Let there be ease.

May there be grace.

May there be peace.

Peace.

May it be so.

What Drives You?

car_drive0000

When you start figuring out how full of shit you are, it’s like opening a tunnel to all the lies you’ve ever told yourself. – Allie Brosh, Hyperbole and a Half

It started over a plastic bowl.

bowl

My Mum and I had just finished eating our respective bowls of popcorn.  Once done, Mum graciously took mine into the kitchen along with her own.  I heard water running.  I heard things being placed on the drain board.  Hunh, I thought, that was nice.  I won’t have to deal with my bowl.  What a treat.

Indeed.

On my way through the kitchen, at a later point in the evening, I noticed my mother’s bowl on the drain board…and mine still in the sink.

It’s fascinating to notice what happens in the mind, at lightning speed, at any given point in time.  In that moment, part of my mind actually pulled up a chair, sat down and waited for the ensuing show.  Because it was coming.  It’s like when you have horribly abusive neighbours.  Your ears catch wind of the argument that’s begun at the other end of their apartment.  It’s a tone, not a nice tone, but it’s still quiet.  Over time, you know the tone will turn to a roar and before you know it, they’re overhead and sounding like wild animals tearing into each other.  Yeah, it was like that in my head.  Over a plastic bowl.  (The absurdity of it has not escaped me.)

It went something like this:

Nice.  All those times I’ve washed Mum’s bowl, or her work containers, or anything else for that matter, and she can’t even THINK of washing my bowl.  I do it because I know how happy it makes her to not have to deal with these things, and I like to make my mother happy.

This is getting good.

This is getting good.

Do I?  Do I really?

You see, there are certain times in my life when I honestly do things for another simply because I know it will make her happy.  For example, I make sure K’s coffee is always ready to go at the push of a button. I know it makes her morning a little easier which makes the start to her day a bit happier. When I do this, I don’t expect a return.  I don’t expect K to fix my coffee although, bless her heart, she does.  There is no expectation.  The motivation is pure.  (Okay, except for the part where I actually feel happy when K is happy.  So how selfless is this?  Never mind.  Now it’s a conundrum.  ;) )

But when it came to the plastic bowl incident, my Full-of-Shit Radar was screaming at an ear-deafening pitch.  Something was not sitting right with me.  There was a queasiness in my belly and a certain heat to my thoughts.  Full-of-Shit Radar was bringing to my attention that my motivation was not pure.  I was not doing nice things to make my mother happy.  I was doing nice things so that I could get something in return.  (Don’t ask me what.  I haven’t gotten that far.)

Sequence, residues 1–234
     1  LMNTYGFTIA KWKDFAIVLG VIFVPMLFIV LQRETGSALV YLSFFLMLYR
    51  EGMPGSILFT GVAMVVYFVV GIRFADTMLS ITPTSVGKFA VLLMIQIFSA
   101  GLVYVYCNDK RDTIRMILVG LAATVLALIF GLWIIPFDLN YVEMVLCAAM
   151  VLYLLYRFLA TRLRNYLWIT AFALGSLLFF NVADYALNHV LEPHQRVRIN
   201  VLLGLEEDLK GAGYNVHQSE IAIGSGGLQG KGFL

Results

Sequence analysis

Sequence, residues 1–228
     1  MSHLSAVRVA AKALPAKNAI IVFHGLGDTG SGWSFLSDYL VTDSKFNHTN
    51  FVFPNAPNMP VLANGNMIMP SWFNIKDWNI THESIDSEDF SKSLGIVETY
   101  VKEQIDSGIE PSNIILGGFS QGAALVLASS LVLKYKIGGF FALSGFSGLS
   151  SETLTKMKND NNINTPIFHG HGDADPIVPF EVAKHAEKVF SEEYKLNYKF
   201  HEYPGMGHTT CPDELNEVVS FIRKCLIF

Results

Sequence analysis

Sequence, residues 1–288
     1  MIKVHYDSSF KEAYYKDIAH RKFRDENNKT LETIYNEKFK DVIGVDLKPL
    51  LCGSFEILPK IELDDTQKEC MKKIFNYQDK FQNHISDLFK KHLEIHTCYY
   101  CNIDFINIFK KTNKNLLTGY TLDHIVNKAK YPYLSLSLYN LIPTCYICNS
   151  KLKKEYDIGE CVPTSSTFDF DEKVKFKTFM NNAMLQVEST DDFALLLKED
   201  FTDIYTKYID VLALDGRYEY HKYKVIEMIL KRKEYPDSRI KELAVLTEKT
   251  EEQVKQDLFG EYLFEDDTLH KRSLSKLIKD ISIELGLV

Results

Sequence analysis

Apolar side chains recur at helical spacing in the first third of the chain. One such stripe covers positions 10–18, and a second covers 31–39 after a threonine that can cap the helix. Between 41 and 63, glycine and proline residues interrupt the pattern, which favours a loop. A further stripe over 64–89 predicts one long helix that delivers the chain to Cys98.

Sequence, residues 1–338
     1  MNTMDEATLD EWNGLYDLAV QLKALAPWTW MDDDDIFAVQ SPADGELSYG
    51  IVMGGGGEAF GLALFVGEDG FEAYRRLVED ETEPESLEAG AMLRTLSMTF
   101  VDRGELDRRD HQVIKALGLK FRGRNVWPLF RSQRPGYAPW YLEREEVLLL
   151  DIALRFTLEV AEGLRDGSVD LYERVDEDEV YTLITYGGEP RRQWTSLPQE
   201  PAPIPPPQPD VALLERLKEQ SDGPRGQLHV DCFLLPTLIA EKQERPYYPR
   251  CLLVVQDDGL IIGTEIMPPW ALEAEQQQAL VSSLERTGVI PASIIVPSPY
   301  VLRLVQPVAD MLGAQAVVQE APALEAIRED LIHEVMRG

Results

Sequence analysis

The truth is, this has nothing to do with my mother and has everything to do with how full of shit I really am.  (I hear the voices of those close to me arguing with me on my use of the phrase “full of shit”, but hey, let’s call it what it is.)  It’s a brutal process to get honest with yourself but, if you dare to step upon a path of honesty, you will have your arse kicked and the scabs torn from your eyes.  What I constantly discover is how corrupt and selfish my underlying motivations are.  How what I do is most often fed by a desire to have the hunger of some hidden woundedness tended to. How I have to learn to feed and fill my own gaping hole because dragging fulfillment from another human being is pure violation, something I have no right to do.  And how, if I’m doing something “nice” in order to gain something in return, I’d best not be doing it in the first place.

All of the responsibility is mine. The plastic bowl.  The coffee cup.  The broken heart.  My own destiny.  I can only look within myself to “fix what is broke” and to do what needs doing in order to create peace in my heart.  And some days, my friends, that responsibility can feel like a heavy burden.  So isn’t it much easier to pass it off on someone else and to make her responsible for my needs?  Except it doesn’t work and the suffering continues.

So what drives you?

May we all have the opportunity to find out what drives us.  May we all have the courage to admit when we’re full of shit.  And may we all keep washing other people’s plastic bowls.  ;)

Namaste,

Tabitha

From Me to You

May this video make you happy.

An excerpt from the amazingly wise tongue-in-cheek, kick-in-the-pants article “30 Ways to Make Yourself Miserable (Along with Everyone Around You)” by Lion Goodman: